Traditionally, global pharma companies would often shy away from bold, fresh branding, instead sticking to a more corporate and ‘safer’ approach. Given the serious and sensitive nature of their work, it’s understandable that historically pharma branding has focused on conveying trust and professionalism at the fore. Typically, pharma companies would opt for a very clean, clinical and corporate look and feel – until recently, that is.

Brand Finance conducted a recent study assessing the value of rebrands across 25 industries. It was found that the pharma industry was the most prolific rebrander of them all! It’s also one of the most successful, with rebrands in pharma generating average returns of 13.8%, according to Brand Finance calculations.

We’re really excited to see global pharma companies developing their brands to stand out, be bolder and more modernistic in their look and feel. The fresher, progressive approach being taken in our opinion better embodies pharma’s contribution to ground-breaking advancements in patient treatments and healthcare technologies.

Here are a few recent examples of pharma companies taking a modern, bolder approach to refresh their brands.


The new logo catapults Sanofi into the 2020s with its bold, lower case, sans serif font. Incorporating two purple dots (purple representing wisdom), the logo embodies “the scientific journey between a starting point and a finish line – the eureka moment where innovative solutions are unlocked to impact people’s lives”. The new logo also signals uniformity between previously fragmented companies which have merged with Sanofi – in their own words, ‘connecting the dots’ between them all.

A far cry from their previous, quite dated and somewhat faded-looking colour palette, this new new look and feel really packs a punch without Sanofi losing the trust of their audience, or the prestige of their legacy and expertise as a company. Hints of purple are used across their website, accompanied by real-world photography instead of the classic stock photo selection which has been a firm favourite of pharma companies in days gone by.


Rebranding for the first time in 20 years, GSK is taking steps to position itself as the pharmaceutical industry’s leader in science and technology before it demerges from its consumer healthcare business later this year. The pharma giant has taken a huge step up with their branding to ensure they communicate their new focus and aims with their customers, patients, and investors. The new branding “features numerous curved forms that evoke the highly adaptable nature of the human immune system, acting as a reminder of the constant need to evolve and adapt”.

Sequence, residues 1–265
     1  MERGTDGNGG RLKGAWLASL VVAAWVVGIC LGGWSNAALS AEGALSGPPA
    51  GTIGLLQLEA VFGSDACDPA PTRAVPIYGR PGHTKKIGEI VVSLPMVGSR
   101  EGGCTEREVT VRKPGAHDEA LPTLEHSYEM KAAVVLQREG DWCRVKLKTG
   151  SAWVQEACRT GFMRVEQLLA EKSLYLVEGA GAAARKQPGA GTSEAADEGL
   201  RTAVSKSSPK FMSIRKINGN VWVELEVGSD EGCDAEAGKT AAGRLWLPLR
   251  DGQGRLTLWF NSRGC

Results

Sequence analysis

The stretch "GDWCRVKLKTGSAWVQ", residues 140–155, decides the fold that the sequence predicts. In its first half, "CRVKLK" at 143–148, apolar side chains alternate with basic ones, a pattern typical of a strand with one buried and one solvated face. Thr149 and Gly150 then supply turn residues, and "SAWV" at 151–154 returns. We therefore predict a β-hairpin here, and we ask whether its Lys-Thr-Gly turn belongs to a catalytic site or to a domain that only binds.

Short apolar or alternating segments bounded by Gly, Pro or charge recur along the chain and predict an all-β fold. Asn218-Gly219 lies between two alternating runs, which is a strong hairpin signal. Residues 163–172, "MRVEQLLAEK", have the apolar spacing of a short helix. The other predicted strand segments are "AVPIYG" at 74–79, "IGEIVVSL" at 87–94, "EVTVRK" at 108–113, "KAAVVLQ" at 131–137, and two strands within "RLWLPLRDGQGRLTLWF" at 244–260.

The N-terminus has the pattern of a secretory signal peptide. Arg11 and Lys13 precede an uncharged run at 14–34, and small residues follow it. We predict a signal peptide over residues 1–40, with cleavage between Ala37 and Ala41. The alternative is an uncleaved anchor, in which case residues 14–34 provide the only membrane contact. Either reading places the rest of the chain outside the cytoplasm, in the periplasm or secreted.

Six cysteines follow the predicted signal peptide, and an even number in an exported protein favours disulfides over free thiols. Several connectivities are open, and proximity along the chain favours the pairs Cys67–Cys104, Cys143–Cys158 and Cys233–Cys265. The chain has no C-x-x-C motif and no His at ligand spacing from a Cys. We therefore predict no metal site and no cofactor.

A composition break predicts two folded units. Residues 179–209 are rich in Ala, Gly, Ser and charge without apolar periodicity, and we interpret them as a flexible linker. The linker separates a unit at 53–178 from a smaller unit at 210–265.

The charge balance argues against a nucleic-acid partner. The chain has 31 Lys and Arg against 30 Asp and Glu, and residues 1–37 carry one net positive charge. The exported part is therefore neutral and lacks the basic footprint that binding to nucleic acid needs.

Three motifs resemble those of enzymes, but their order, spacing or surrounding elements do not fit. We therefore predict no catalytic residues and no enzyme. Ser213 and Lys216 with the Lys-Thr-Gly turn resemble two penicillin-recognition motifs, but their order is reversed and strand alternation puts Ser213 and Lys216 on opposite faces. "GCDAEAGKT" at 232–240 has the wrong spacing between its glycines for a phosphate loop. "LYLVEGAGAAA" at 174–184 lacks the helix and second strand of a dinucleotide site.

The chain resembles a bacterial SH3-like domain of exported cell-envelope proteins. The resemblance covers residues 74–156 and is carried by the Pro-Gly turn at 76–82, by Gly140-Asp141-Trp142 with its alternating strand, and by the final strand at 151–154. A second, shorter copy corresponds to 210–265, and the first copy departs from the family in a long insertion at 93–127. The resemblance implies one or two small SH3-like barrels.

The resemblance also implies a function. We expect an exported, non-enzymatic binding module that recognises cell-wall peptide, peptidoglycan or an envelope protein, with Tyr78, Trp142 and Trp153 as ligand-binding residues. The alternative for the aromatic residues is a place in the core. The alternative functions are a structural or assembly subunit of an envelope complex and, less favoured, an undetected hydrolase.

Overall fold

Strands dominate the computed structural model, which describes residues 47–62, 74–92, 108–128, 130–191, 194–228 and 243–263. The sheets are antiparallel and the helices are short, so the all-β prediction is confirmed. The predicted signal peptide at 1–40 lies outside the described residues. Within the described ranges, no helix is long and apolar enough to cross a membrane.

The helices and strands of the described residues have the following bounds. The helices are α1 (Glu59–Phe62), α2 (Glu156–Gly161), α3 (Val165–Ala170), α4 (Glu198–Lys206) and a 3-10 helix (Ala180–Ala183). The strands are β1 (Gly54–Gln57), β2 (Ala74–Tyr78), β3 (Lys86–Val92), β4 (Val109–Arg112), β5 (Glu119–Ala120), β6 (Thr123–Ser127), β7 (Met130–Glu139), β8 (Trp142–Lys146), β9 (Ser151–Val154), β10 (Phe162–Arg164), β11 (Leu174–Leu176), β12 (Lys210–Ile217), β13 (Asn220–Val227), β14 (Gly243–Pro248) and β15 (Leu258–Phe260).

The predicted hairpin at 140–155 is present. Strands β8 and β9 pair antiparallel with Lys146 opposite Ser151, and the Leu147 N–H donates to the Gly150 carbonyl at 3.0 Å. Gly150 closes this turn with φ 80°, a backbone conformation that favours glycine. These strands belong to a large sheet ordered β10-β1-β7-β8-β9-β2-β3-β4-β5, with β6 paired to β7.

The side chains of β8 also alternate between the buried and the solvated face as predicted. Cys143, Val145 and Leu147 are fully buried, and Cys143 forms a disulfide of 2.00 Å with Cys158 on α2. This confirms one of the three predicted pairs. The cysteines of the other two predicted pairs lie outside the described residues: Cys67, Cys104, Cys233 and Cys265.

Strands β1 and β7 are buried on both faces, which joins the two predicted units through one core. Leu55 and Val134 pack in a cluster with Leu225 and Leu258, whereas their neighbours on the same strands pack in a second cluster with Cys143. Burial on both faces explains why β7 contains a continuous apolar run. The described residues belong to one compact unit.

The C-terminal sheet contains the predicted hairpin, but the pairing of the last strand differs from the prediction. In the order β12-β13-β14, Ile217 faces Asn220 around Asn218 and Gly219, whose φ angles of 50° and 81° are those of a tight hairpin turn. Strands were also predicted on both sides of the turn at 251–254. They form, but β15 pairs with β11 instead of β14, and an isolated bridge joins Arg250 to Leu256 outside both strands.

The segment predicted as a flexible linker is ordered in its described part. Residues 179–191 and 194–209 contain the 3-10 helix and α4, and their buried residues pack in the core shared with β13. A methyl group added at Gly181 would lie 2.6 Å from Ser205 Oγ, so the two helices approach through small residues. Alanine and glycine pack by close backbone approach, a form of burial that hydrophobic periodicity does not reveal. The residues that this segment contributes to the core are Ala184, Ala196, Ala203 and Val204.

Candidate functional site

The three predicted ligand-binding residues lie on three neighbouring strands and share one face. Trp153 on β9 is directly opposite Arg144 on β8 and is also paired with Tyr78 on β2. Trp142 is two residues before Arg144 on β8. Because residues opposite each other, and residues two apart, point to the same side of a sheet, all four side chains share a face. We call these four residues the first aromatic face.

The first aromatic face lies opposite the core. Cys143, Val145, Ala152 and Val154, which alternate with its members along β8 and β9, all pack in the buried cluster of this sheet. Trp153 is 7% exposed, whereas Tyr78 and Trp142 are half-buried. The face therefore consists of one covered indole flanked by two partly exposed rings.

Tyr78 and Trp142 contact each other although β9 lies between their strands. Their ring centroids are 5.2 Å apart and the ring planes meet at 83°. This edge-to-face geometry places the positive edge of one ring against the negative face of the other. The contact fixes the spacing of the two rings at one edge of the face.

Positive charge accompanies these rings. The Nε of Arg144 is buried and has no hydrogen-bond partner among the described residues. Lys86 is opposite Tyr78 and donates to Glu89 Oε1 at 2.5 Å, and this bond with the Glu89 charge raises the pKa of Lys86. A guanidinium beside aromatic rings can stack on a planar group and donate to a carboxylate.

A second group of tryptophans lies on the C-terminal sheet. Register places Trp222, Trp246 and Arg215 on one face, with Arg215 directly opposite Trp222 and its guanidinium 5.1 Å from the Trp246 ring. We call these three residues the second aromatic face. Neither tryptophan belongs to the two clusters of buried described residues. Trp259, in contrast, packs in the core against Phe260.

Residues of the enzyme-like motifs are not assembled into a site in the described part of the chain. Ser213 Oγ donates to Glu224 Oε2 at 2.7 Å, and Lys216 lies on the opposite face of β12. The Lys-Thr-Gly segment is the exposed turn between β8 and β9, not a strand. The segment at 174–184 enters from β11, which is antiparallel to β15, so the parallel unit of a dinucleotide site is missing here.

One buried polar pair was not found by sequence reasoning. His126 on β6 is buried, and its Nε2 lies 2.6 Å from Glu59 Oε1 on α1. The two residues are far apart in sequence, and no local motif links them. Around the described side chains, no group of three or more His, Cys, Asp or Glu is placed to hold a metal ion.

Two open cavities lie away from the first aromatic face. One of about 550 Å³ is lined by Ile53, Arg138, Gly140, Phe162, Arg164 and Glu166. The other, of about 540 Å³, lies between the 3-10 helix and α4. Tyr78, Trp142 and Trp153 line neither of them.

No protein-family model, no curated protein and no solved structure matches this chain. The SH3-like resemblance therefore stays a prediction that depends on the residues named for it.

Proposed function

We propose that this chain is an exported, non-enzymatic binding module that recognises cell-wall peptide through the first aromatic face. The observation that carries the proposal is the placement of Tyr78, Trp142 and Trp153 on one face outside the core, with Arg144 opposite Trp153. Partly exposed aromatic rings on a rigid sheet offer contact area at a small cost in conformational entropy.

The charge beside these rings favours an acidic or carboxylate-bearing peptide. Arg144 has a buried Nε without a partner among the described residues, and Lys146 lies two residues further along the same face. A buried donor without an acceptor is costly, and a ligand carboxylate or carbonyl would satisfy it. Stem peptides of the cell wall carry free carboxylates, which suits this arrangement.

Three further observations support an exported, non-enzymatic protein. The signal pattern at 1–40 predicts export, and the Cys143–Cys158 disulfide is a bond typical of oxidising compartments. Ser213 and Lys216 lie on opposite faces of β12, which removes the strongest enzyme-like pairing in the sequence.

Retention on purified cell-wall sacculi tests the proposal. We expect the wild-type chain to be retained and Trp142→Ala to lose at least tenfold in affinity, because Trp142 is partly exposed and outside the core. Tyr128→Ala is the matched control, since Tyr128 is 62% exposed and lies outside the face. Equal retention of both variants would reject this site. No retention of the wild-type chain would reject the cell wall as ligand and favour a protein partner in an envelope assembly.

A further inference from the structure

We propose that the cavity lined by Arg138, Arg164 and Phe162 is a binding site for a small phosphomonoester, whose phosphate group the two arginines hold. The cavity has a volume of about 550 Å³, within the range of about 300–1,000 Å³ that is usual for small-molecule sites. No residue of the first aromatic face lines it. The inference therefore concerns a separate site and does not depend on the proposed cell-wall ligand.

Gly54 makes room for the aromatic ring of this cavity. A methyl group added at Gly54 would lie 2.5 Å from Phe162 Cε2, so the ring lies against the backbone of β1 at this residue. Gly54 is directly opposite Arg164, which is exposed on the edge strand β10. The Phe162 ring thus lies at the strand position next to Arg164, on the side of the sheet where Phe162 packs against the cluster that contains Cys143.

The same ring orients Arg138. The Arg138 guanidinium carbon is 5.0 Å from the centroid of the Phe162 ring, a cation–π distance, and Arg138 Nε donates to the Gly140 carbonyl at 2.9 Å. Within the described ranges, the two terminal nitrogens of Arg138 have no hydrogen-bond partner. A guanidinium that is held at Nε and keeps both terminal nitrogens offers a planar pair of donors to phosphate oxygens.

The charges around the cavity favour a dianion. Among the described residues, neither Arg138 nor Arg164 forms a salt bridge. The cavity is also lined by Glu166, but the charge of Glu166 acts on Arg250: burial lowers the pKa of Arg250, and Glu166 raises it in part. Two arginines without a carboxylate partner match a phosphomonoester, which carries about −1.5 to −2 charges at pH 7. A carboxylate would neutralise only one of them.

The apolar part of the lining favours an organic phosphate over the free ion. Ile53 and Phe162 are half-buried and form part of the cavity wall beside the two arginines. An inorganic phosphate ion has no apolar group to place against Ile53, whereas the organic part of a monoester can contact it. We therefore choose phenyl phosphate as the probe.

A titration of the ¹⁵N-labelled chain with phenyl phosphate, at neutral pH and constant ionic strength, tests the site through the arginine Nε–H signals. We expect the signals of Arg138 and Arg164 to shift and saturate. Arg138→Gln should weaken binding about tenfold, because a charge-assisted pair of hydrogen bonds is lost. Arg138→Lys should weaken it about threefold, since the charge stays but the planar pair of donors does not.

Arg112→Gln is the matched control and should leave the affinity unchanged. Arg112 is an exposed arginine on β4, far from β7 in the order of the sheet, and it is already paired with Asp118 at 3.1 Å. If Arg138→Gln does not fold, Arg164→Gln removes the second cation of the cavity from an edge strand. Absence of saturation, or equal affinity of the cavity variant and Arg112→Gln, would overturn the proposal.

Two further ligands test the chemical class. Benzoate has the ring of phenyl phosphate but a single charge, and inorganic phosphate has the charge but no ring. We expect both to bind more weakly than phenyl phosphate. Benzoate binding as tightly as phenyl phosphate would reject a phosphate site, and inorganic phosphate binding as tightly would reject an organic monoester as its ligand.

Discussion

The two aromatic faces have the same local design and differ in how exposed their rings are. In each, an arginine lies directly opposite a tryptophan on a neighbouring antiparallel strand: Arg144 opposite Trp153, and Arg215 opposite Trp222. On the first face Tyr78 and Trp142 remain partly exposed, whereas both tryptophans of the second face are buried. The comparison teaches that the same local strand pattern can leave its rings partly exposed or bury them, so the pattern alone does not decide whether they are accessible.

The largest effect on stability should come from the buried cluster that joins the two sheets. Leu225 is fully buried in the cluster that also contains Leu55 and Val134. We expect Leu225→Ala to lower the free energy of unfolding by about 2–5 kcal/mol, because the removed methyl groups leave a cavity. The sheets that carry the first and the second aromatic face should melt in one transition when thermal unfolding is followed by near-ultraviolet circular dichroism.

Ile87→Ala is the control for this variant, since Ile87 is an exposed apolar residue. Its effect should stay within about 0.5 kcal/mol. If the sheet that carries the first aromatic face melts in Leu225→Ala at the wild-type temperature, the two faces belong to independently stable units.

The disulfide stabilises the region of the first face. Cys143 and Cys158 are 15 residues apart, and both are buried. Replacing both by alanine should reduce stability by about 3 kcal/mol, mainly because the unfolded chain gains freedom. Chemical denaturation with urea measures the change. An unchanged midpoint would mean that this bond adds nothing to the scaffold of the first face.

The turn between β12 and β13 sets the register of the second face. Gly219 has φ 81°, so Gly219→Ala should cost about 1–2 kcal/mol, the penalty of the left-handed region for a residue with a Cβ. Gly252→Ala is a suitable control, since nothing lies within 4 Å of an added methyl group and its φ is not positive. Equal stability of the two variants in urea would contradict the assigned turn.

Unlike Sanofi, GSK has kept their signature orange colour – a hue that is widely recognisable and already helps them stand out in the pharma industry, and which is undoubtedly associated with their knowledge and expertise.

However, the logo has evolved away from the soft lower-case lettering and egg-shaped background to be replaced with a bespoke font which was inspired by DNA. Wolff Olins, the agency behind the new brand, describe the newly designed logo as taking “inspiration from the visual language of biosciences, genomic sequencing, and data analysis, but still feels warm and human… We have designed a brand that is capable of adapting to work in a wide variety of formats and channels, so it can speak to people no matter their background, role or expertise”. The colour has been inverted, with the previously white lettering now filled with an orange gradient, resulting in a strikingly bold identity.

Johnson Matthey Health

Following the acquisition by Altaris Capital Partners, Johnson Matthey Health has rebranded to Veranova. Veranova currently holds over 425 active patents and, over the course of the past century, has helped develop more than 100 APIs, including the first platinum-based drugs for cancer treatment.

The new name Veranova represents reliability and innovation (originating from the Latin words ‘vērus’, meaning ‘true’, and ‘nŏvus’, meaning ‘new’) – two key values for any great pharma company. The logo uses a sans serif font in continuous capitals, which is bold and confident, especially when compared to their previous, more rounded, lower-case choice which perhaps seemed less impactful and ‘safer’.

Their new website employs bright and bold purple gradients accompanied by striking monochrome imagery, as well as high-quality, real-world imagery of their experts at work.

Overall, their new look and feel screams ‘We’re here, we’re ready!’ for the next stage of their journey.

Thinking of rebranding but not sure where to start? Get in touch today to discuss how we can help guide you every step of the way.

Email or call 01625 789050.

This latest thinking article was written by:

Grace Williams
Head of Design